Opening to the public on Friday, Dec. 4 at Hunter Museum of American Art, “Seeking the Spiritual: The Visionary Art of Elliott Daingerfield” will feature the painted reveries and dreamscapes of turn-of-the-century artist Elliott Daingerfield.
Spanning the years between 1887 and 1920, the 48 paintings, pastels, and drawings in this exhibition explore Daingerfield’s interest in the intangible spiritual plane he felt existed beneath the surface of material things. Museum visitors will discover the mysteries of nature in his landscapes, the sacredness of Christianity in his religious pictures, and the spirit of place in his allegorical art. Through these themes, this exhibition delves into one of the many responses American artists had about the impact of modernization upon American society.
Painter, poet, author, and teacher, Daingerfield enjoyed enormous success in his lifetime. And, although his main studio was in New York City and his patrons hailed from New York, Boston, and Chicago, he was born and raised in the South and, as such, was one of the most important Southern artists of the era. Moving from the war ravaged South to the rapidly industrializing and booming economy of the Northeast, Daingerfield became concerned about the rampant materialism of the age and sought to create paintings that reconnected viewers with the spiritual.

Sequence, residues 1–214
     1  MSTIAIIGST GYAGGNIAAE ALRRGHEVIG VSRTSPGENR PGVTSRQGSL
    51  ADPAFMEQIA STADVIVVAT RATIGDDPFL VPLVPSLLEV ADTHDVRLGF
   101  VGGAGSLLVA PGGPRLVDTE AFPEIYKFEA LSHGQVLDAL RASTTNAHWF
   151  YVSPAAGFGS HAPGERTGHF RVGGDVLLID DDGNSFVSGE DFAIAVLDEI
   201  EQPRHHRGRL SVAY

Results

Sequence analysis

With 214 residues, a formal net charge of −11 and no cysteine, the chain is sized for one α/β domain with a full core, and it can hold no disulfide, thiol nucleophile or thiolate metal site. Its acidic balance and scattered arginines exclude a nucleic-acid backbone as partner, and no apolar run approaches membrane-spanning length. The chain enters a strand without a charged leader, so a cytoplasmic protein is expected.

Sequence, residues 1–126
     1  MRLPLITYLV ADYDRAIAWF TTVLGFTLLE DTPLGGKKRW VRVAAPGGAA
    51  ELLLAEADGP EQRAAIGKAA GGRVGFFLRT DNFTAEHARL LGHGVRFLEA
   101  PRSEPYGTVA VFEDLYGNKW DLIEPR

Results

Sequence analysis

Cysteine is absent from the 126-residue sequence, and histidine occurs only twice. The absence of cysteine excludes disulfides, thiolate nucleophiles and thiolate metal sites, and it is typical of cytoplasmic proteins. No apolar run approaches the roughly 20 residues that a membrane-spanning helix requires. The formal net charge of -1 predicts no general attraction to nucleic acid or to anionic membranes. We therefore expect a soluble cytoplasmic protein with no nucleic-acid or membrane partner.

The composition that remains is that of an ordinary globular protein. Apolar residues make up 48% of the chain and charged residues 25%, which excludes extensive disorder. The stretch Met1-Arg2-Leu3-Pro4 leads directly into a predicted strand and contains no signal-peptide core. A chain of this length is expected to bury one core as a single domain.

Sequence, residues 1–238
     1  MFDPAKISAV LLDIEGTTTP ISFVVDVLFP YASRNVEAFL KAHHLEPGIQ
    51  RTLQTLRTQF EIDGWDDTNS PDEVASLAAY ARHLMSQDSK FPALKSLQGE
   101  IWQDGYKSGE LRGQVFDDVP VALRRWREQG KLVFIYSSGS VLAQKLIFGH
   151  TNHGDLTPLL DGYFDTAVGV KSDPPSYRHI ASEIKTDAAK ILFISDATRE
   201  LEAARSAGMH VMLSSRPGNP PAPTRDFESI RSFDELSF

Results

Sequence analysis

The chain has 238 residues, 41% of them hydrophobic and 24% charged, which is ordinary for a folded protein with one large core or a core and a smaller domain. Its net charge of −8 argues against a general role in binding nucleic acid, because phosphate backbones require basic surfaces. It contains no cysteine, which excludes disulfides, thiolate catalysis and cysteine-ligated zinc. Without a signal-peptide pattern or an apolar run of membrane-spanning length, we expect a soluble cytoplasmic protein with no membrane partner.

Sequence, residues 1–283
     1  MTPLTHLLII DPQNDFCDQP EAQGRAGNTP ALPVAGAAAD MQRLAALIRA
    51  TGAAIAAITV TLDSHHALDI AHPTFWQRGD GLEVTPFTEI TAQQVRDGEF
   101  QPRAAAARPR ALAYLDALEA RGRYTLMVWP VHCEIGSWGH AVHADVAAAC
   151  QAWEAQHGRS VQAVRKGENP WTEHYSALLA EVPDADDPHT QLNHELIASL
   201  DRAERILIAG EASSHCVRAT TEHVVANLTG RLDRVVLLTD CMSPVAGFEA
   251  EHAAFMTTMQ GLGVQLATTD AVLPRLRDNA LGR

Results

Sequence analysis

Like his friend and mentor George Inness, Daingerfield felt art should engage a viewer’s emotions, elevating him or her to the realm of spiritual experience and transcending the everyday material world. He encouraged viewers to contemplate his paintings as a means of communing with the divine.
Contemporary commentators praised Daingerfield for his “ability to grasp the spiritual significance of a scene and give it a worthy imaginative embodiment.” In this regard, Daingerfield was part of a group of artists that included Albert Pinkham Ryder and Ralph Blakelock, whose aims and practices differed significantly from those of the American Impressionists, who also painted during this period. Daingerfield was not interested in capturing the fleeting appearance of a scene but rather painted from his imagination to express something far more difficult to discern: a sense of the timeless otherworldly forces that he believed animated the physical realm.
Hunter Museum will offer a variety of programs and events in celebration of the exhibition, including group tours, guest speakers, and public programming.
To learn more, visit www.huntermuseum.org.
Source: Hunter Museum of American Art